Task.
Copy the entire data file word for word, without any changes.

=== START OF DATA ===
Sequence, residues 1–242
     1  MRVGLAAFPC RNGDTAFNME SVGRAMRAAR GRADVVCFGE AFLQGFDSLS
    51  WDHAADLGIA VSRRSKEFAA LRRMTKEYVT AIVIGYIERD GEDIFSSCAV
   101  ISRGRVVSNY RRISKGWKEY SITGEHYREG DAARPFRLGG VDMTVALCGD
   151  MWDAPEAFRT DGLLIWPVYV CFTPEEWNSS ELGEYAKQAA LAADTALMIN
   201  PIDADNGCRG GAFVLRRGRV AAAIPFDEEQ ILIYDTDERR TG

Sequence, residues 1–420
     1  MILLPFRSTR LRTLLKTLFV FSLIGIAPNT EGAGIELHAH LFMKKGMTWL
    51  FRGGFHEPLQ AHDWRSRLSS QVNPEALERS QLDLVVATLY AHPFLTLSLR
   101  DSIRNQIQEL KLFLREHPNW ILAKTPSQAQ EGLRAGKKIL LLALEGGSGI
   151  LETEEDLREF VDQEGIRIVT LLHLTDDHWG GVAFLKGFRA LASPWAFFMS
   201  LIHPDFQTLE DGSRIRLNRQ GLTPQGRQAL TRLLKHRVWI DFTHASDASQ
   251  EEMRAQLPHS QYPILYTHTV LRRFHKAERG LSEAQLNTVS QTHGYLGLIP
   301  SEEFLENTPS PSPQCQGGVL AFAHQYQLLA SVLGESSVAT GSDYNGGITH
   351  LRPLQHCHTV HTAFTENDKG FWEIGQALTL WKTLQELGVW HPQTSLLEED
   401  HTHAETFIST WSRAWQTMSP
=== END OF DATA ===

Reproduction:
Sequence, residues 1–242
     1  MRVGLAAFPC RNGDTAFNME SVGRAMRAAR GRADVVCFGE AFLQGFDSLS
    51  WDHAADLGIA VSRRSKEFAA LRRMTKEYVT AIVIGYIERD GEDIFSSCAV
   101  ISRGRVVSNY RRISKGWKEY SITGEHYREG DAARPFRLGG VDMTVALCGD
   151  MWDAPEAFRT DGLLIWPVYV CFTPEEWNSS ELGEYAKQAA LAADTALMIN
   201  PIDADNGCRG GAFVLRRGRV AAAIPFDEEQ ILIYDTDERR TG

Sequence, residues 1–420
     1  MILLPFRSTR LRTLLKTLFV FSLIGIAPNT EGAGIELHAH LFMKKGMTWL
    51  FRGGFHEPLQ AHDWRSRLSS QVNPEALERS QLDLVVATLY AHPFLTLSLR
   101  DSIRNQIQEL KLFLREHPNW ILAKTPSQAQ EGLRAGKKIL LLALEGGSGI
   151  LETEEDLREF VDQEGIRIVT LLHLTDDHWG GVAFLKGFRA LASPWAFFMS
   201  LIHPDFQTLE DGSRIRLNRQ GLTPQGRQAL TRLLKHRVWI DFTHASDASQ
   251  EEMRAQLPHS QYPILYTHTV LRRFHKAERG LSEAQLNTVS QTHGYLGLIP
   301  SEEFLENTPS PSPQCQGGVL AFAHQYQLLA SVLGESSVAT GSDYNGGITH
   351  LRPLQHCHTV HTAFTENDKG FWEIGQALTL WKTLQELGVW HPQTSLLEED
   401  HTHAETFIST WSRAWQTMSP